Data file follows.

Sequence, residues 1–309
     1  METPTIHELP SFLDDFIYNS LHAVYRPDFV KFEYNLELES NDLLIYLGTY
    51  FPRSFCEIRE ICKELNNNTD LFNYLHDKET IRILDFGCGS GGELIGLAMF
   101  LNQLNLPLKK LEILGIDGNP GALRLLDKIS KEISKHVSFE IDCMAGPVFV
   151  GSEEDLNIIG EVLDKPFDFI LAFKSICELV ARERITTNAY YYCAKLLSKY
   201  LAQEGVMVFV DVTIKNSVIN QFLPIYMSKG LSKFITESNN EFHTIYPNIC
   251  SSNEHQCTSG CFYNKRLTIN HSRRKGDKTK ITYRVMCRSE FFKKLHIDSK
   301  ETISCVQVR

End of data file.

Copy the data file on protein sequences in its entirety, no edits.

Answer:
Sequence, residues 1–309
     1  METPTIHELP SFLDDFIYNS LHAVYRPDFV KFEYNLELES NDLLIYLGTY
    51  FPRSFCEIRE ICKELNNNTD LFNYLHDKET IRILDFGCGS GGELIGLAMF
   101  LNQLNLPLKK LEILGIDGNP GALRLLDKIS KEISKHVSFE IDCMAGPVFV
   151  GSEEDLNIIG EVLDKPFDFI LAFKSICELV ARERITTNAY YYCAKLLSKY
   201  LAQEGVMVFV DVTIKNSVIN QFLPIYMSKG LSKFITESNN EFHTIYPNIC
   251  SSNEHQCTSG CFYNKRLTIN HSRRKGDKTK ITYRVMCRSE FFKKLHIDSK
   301  ETISCVQVR